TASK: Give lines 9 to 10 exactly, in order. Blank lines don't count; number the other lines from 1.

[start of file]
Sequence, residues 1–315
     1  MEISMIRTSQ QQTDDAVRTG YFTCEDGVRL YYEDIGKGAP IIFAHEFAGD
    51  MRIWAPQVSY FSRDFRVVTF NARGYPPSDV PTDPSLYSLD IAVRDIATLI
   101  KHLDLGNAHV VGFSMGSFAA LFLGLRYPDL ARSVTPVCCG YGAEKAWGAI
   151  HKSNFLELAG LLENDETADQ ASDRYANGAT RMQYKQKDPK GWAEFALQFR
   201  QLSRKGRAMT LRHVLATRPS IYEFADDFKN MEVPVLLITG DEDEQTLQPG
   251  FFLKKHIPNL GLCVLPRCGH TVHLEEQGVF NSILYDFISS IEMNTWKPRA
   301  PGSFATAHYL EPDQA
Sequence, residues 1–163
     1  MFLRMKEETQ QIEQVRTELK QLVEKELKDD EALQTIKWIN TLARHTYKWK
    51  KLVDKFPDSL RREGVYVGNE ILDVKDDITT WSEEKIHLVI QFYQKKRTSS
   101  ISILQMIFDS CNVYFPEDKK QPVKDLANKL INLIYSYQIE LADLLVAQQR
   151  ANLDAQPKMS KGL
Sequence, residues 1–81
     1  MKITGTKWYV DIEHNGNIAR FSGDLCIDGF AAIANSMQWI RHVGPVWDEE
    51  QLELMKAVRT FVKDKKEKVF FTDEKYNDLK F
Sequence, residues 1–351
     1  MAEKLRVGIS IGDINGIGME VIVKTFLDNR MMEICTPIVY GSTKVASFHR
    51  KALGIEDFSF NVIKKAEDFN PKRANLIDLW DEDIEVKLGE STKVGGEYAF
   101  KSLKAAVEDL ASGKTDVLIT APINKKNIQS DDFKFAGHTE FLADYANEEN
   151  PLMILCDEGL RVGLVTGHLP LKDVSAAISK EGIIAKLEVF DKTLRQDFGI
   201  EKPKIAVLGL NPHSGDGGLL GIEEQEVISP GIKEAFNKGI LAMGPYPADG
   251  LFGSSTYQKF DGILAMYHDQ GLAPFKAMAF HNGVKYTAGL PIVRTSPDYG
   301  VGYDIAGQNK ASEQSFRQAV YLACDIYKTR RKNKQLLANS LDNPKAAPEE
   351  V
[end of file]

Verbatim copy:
Sequence, residues 1–163
     1  MFLRMKEETQ QIEQVRTELK QLVEKELKDD EALQTIKWIN TLARHTYKWK